As evidence of criminal negligence by the coal operators and federal and state safety agencies continues to emerge, the death toll in the nation’s coal mines continues to rise. On April 21 and 22 two Kentucky miners—Rick McKnight, 45, of Cumberland, and David Chad Bolen, 28, of Harold—were crushed by underground machinery and became the 25th and 26th US coal miners to be killed in 2006.
McLoy’s letter confirms the deadly presence of explosive gas in the weeks and days leading up to the explosion, which were ignored by company officials. The Charleston Gazette has learned that five days before the explosion company officials found increasing levels of methane in and around a mined-out and sealed area of the mine where the blast is believed to have occurred. According to two Sago Mine officials who testified to investigators, the gas levels were not high enough to be ignited and industry practice is to ignore high concentrations of explosive gases if they are in unused and sealed portions of a mine, also known as “gob” areas.
This area of the Sago Mine had been closed because of repeated roof falls and water leaks. It is cheaper to seal these areas than to continue to perform periodic safety checks and walkthroughs. According to the Gazette, investigators are focusing on whether the area was properly sealed off from the production area, and whether mine officials checked for dangerous methane build-up in the unused area, as required by law.
Sago Mine managers received approval last year from West Virginia mine safety officials to seal the area with Omega Blocks—a lightweight, hard-foam alternative to concrete blocks, which mine owners prefer because it can be installed more quickly with fewer workers. The cheaper material has long been criticized for its inability to withstand the pressure of explosions. Moreover, safety inspectors have acknowledged that the contractor who installed the blocks failed to follow an approved plan and used an inexperienced crew to seal the area.
In addition, evidence is emerging that a company “fireboss”—the supervisor in charge of doing pre-production safety checks—ignored danger signs the day of the explosion. Fred Jamieson testified that he found no danger of methane, but that his safety check notebook “disappeared” during the explosion.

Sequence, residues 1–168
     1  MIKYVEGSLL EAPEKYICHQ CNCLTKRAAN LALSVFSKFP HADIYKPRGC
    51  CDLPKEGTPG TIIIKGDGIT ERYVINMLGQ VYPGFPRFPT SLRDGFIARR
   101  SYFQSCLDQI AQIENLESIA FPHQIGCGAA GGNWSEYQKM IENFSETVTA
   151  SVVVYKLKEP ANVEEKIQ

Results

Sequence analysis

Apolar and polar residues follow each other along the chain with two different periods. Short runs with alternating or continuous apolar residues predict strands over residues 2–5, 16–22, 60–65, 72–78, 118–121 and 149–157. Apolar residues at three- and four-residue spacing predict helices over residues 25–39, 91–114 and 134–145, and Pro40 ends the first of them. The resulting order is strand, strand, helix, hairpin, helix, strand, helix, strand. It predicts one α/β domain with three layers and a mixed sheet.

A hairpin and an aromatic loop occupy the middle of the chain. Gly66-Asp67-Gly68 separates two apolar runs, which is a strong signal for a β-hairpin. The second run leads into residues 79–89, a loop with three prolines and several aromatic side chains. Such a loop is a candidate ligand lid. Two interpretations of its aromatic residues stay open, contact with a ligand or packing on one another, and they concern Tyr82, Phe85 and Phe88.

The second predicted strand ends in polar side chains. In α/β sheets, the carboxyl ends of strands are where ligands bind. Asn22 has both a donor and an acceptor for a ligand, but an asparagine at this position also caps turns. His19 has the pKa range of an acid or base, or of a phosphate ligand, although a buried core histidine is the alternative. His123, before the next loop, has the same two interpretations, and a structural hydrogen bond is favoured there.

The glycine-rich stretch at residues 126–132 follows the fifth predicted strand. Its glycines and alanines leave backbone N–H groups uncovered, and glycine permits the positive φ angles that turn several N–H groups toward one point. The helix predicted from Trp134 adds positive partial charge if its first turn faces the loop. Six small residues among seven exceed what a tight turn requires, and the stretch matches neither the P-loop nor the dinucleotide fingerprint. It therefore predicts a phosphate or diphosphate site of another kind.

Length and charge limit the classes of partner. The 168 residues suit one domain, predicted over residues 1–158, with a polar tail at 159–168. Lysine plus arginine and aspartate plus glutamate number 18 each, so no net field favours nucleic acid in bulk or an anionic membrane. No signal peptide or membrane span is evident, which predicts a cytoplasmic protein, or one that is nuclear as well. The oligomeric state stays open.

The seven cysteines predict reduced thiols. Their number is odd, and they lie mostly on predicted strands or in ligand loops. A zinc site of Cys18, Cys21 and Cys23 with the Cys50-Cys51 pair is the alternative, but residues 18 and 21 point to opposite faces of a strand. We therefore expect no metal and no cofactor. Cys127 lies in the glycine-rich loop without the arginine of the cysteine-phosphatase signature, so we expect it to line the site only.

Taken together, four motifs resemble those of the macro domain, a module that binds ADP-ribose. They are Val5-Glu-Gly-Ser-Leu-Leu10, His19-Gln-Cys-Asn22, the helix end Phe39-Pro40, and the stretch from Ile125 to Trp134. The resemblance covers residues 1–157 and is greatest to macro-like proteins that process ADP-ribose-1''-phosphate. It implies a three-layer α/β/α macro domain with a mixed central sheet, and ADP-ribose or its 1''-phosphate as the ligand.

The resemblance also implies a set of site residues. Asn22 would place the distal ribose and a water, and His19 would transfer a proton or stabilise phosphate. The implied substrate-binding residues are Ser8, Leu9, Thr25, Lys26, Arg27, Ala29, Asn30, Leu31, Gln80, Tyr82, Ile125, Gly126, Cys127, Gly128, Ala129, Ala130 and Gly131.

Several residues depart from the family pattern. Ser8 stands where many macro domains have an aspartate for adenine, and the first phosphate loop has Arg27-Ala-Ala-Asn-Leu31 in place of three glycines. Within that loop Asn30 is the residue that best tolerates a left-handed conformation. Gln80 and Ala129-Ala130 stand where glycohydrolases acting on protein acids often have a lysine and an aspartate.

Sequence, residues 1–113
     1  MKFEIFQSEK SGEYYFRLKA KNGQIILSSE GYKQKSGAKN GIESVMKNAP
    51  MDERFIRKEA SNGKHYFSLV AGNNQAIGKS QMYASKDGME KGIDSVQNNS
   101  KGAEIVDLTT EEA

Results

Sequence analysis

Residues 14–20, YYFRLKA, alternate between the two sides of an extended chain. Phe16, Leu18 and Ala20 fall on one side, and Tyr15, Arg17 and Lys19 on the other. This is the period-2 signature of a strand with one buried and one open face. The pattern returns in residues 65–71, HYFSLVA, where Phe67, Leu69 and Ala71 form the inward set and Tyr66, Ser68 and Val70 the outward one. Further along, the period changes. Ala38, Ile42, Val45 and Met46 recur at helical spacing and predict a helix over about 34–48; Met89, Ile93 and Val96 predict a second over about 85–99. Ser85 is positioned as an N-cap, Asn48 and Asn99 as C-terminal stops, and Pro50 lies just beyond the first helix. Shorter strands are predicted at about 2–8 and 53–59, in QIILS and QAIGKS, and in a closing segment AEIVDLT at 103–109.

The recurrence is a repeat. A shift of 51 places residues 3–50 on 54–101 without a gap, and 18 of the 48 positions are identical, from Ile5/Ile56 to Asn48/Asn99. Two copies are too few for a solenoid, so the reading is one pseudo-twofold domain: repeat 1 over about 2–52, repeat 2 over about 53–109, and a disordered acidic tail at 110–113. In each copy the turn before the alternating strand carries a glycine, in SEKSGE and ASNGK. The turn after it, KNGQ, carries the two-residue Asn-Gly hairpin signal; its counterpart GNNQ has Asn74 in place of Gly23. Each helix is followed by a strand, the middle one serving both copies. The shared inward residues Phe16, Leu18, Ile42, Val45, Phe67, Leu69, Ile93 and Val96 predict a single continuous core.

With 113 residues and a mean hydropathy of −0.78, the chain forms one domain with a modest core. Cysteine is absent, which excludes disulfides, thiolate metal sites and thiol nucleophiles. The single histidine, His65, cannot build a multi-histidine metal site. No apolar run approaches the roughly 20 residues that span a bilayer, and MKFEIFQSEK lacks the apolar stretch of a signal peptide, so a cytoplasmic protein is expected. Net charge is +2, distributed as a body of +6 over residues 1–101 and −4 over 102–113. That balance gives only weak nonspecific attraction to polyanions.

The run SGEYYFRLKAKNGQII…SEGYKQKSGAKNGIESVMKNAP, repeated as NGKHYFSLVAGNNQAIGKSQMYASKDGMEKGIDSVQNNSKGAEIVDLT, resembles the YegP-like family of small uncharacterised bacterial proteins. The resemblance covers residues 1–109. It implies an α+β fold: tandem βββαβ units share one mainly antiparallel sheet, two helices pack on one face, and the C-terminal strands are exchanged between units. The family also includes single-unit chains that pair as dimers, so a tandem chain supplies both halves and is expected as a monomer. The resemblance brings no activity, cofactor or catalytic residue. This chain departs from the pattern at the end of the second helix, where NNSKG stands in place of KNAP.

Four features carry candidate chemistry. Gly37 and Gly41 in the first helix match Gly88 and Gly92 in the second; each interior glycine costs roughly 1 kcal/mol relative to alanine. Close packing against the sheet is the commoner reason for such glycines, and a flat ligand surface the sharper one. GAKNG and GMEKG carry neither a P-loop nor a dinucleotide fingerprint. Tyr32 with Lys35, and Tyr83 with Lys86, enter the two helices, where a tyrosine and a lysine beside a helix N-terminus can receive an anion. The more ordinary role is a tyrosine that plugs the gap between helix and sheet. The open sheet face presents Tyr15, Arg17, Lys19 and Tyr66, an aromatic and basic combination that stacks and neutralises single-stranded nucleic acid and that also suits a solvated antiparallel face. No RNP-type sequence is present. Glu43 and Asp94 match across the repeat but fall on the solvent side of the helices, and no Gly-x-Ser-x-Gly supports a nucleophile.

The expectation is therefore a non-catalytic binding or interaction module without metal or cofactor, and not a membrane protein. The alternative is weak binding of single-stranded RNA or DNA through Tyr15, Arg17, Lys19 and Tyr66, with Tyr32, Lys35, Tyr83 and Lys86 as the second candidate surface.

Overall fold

Despite the flurry of public promises to improve mine safety by Democratic and Republican politicians after the Sago disaster, nothing of any substance has changed. The mining industry and MSHA continue to block the implementation of existing laws, let alone any additional improvements.
A mine safety bill sponsored by the West Virginia congressional delegation—which would mandate the placement of more oxygen packs in the mines and the construction of safety chambers—has yet to come to a vote in a House of Representatives committee. The committee’s chairman, Georgia Republican Charlie Norwood, said last month he was not sure federal legislation was even needed. Now Norwood says he is “leaning toward” drafting legislation by late summer.
Helen Winans, the mother of Marshall Winans, a scoop operator who died in the Sago disaster, commented on the proposed legislation. “It isn’t going to work,” she told the Pittsburgh Post Gazette. “You can make all the rules you want to. But if [the inspectors] don’t follow through, they’re not worth the paper they’re written on. Money speaks louder than words, and you ought to know it.... That was my second son that’s been killed.”
In a moving passage concluding his letter, McCloy told family members, “I cannot explain why I was spared while the others perished. I hope that my words will offer some solace to the miners’ families and friends who have endured what no one should ever have to endure.”
The sad reality, however, is that such tragedies are inevitable as long as the lives of miners continue to be sacrificed for the profit of the coal bosses, who enjoy the protection of both big business parties.